Alexa Albert, M.D., is a graduate of Brown University and Harvard Medical School. She has written and lectured widely about public health and prostitution and was named one of Mirabella's 1,000 Women for the Nineties for her work with Nevada's legal prostitutes. Albert's research in Nevada led to her eye-opening nonfiction book Brothel released in 2002.
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Do you know where any of the women whom you met in the brothels are today, or could you speculate?
I am actually still in touch with many people from the industry including women and customers. In fact, I was just responding to an email from one woman I know. Some have moved to other legal brothels in Nevada to work, many continuing to work as prostitutes and some having decided to move into cashier or bartender positions. Some have quit the business entirely. Most all speak of missing the sense of community at Mustang.
How does this sense of community differs from what these women might have found elsewhere?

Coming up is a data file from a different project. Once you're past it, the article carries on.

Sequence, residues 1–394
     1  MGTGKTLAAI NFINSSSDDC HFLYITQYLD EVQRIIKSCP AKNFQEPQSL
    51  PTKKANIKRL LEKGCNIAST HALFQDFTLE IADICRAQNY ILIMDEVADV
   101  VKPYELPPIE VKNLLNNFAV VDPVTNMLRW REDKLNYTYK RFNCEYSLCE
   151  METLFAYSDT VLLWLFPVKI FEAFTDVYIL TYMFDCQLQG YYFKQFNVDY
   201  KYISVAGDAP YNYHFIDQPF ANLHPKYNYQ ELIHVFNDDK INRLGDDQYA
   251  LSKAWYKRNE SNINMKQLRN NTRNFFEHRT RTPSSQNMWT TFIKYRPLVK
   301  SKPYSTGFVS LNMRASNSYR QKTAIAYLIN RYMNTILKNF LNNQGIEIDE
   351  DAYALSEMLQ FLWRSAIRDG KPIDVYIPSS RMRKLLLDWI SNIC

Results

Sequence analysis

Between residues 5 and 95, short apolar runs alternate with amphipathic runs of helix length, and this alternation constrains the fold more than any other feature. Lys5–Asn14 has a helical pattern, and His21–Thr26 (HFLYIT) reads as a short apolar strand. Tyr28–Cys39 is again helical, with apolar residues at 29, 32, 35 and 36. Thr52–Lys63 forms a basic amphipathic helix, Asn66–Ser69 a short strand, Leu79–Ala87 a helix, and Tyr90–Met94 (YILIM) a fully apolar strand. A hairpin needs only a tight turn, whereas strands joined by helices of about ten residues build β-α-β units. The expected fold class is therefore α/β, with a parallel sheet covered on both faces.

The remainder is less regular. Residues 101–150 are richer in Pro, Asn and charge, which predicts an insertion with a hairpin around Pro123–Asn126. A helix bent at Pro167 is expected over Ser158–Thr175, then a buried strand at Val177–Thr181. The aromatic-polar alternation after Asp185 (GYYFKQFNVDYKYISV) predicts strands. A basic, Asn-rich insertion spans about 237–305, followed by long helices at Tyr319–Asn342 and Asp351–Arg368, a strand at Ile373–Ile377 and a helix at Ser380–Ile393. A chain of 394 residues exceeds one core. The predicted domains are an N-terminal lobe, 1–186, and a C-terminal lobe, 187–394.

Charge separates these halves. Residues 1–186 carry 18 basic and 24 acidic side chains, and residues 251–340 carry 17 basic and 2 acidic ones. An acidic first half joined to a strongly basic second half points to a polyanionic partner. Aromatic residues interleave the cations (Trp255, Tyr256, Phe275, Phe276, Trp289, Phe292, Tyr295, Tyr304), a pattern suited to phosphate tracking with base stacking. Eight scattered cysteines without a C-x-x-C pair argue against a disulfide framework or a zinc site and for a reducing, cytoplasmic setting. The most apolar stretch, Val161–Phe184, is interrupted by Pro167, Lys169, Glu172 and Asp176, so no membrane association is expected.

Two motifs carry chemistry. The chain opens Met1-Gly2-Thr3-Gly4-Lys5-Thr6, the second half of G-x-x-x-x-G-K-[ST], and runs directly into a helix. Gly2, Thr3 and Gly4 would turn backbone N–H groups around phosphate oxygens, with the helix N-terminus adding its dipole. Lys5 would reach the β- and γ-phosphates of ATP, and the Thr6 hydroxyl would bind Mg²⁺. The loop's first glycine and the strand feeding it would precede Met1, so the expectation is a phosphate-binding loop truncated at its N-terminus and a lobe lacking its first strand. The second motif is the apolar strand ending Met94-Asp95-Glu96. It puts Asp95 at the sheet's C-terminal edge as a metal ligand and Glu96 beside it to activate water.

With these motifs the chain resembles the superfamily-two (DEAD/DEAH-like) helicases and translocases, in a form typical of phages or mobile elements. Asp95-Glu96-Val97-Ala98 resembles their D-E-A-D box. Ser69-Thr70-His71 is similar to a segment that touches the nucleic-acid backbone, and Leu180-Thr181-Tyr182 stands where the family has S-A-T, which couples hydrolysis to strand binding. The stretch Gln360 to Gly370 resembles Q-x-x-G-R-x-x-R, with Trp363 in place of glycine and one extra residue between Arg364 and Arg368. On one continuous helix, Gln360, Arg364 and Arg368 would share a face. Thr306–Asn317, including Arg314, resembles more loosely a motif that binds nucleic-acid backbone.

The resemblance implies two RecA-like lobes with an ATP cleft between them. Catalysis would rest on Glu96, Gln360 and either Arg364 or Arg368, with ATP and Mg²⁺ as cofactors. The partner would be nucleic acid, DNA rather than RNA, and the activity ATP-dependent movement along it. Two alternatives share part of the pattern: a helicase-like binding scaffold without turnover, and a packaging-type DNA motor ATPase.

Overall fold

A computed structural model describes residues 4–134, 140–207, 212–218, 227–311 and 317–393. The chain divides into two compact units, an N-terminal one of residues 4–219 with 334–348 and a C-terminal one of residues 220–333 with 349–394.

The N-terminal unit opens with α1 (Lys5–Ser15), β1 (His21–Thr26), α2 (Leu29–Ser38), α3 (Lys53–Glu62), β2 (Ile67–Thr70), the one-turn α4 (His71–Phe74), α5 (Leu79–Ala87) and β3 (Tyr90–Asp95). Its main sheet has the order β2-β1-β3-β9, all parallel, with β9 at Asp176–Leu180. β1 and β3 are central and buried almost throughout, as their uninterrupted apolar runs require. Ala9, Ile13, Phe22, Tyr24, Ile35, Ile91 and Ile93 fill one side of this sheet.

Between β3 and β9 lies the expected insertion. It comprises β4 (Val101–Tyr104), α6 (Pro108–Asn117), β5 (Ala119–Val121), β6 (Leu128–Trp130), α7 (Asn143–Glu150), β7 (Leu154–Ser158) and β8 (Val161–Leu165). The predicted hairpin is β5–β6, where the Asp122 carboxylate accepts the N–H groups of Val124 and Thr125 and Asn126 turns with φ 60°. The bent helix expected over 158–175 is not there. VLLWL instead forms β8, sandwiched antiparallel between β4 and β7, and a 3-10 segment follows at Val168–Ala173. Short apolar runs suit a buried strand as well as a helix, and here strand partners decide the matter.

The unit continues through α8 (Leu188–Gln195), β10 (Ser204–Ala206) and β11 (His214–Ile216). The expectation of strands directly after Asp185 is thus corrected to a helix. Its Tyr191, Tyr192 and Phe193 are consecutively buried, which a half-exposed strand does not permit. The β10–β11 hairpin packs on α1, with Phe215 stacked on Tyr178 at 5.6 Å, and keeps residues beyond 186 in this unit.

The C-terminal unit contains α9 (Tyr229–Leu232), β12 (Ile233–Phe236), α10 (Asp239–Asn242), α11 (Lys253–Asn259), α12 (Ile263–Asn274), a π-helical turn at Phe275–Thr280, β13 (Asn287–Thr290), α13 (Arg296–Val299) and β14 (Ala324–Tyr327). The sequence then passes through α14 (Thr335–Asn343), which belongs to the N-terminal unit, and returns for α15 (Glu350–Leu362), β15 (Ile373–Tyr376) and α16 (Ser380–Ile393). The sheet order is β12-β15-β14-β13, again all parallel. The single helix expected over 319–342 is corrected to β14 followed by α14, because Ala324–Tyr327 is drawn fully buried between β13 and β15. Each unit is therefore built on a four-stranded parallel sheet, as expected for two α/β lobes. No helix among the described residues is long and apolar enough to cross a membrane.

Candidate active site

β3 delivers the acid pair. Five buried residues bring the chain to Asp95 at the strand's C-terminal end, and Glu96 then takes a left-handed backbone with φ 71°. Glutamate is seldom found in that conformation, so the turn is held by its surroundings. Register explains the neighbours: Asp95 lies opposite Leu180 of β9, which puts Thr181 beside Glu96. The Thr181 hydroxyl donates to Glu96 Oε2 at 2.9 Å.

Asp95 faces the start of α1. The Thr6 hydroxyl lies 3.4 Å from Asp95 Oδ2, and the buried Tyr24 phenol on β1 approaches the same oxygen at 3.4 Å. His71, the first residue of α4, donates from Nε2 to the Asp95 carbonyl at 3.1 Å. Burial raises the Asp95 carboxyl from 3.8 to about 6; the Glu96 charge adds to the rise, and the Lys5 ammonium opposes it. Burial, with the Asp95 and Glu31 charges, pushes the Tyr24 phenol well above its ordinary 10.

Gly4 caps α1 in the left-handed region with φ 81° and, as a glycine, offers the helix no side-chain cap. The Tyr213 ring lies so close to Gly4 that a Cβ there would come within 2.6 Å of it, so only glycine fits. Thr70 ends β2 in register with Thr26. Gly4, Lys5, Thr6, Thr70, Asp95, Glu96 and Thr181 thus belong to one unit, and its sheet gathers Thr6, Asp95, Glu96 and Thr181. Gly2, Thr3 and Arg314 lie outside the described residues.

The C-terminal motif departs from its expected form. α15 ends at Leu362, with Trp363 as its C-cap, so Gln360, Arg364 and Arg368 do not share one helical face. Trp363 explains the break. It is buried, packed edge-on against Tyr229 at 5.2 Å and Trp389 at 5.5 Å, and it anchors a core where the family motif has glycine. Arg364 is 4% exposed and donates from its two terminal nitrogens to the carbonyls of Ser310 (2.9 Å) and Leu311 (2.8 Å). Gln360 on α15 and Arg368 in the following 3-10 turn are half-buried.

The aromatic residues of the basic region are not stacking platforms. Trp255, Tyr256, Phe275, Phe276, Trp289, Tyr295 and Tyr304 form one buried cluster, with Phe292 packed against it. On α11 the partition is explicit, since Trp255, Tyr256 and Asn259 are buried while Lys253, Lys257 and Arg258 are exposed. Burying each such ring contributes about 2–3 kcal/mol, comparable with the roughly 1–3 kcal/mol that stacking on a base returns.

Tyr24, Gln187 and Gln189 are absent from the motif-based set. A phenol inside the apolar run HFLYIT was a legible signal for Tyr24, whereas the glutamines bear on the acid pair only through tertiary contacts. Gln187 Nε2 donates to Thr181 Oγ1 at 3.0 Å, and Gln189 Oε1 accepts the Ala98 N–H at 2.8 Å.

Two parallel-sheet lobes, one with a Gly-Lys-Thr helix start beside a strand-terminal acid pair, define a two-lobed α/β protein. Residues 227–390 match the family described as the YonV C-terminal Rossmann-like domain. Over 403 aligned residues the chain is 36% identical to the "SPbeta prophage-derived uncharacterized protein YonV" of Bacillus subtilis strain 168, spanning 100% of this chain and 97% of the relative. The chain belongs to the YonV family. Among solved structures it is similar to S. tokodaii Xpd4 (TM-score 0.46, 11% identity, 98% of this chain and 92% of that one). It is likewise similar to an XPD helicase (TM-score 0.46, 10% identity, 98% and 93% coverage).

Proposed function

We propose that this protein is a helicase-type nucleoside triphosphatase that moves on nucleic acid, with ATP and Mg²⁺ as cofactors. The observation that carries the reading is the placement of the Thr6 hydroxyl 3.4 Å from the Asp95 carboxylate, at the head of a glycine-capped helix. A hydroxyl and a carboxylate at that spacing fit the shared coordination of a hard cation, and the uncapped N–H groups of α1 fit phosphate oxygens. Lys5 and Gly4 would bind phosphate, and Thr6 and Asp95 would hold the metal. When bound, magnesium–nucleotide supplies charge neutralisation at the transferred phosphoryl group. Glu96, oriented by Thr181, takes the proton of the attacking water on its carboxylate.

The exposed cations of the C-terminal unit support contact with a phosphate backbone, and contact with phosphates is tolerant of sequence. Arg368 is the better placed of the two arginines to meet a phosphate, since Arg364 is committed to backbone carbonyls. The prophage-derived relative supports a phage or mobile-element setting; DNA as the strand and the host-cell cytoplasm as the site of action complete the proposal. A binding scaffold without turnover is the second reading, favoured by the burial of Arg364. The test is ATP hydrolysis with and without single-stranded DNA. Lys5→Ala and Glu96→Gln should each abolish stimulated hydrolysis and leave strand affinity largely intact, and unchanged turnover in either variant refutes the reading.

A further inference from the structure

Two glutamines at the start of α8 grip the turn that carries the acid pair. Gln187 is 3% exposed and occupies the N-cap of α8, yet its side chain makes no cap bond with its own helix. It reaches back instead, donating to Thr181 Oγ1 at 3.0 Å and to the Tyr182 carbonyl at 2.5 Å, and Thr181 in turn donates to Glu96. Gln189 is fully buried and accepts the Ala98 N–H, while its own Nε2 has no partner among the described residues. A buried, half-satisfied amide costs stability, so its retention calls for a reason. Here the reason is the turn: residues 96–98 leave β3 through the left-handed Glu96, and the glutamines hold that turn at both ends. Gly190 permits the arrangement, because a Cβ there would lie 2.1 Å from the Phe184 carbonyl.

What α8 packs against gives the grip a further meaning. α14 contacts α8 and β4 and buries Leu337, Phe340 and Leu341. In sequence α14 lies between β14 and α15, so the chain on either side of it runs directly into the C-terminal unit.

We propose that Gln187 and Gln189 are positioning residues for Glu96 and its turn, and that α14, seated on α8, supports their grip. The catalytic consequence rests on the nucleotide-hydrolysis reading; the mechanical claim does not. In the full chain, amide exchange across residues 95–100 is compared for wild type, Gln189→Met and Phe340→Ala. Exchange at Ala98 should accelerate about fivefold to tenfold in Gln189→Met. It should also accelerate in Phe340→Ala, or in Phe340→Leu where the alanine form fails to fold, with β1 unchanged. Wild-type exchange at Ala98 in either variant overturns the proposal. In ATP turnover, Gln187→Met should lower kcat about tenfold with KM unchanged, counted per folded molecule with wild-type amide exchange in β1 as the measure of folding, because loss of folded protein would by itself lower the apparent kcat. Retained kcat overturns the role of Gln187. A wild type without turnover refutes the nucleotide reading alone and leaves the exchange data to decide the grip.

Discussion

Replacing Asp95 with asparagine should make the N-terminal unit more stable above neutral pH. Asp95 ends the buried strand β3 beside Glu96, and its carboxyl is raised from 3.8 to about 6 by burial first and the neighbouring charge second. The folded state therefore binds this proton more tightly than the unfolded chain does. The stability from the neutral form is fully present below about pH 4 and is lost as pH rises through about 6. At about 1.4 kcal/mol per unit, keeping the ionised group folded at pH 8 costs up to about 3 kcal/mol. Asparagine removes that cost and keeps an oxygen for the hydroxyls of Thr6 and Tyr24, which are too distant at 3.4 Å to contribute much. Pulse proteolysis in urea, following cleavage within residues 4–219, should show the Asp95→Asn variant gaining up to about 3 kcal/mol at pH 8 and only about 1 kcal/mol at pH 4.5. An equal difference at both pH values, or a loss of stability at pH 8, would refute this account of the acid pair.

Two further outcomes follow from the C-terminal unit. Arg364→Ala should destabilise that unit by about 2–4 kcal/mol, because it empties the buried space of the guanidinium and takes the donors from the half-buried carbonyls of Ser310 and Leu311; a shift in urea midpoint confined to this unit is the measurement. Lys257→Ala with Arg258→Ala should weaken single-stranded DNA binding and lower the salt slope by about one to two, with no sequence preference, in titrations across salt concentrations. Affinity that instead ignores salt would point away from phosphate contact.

What was remarkable to me was the fact there was a sense of community in the brothel at all. Naively, I suppose, I didn't expect to find a "community" or sense of family within the brothel--which included not only the women with their complicated sense of sisterhood--ripe with both intense competition and camraderie--but also the brothel staff, with terribly loyal and protective bartenders, cooks, cashiers, laundry maids, etc. Then the community of customers who desperately wanted to belong: the regulars like Stewart who visits several nights a week and deems himself to be very important to and valued by the ...
Blood at the Root
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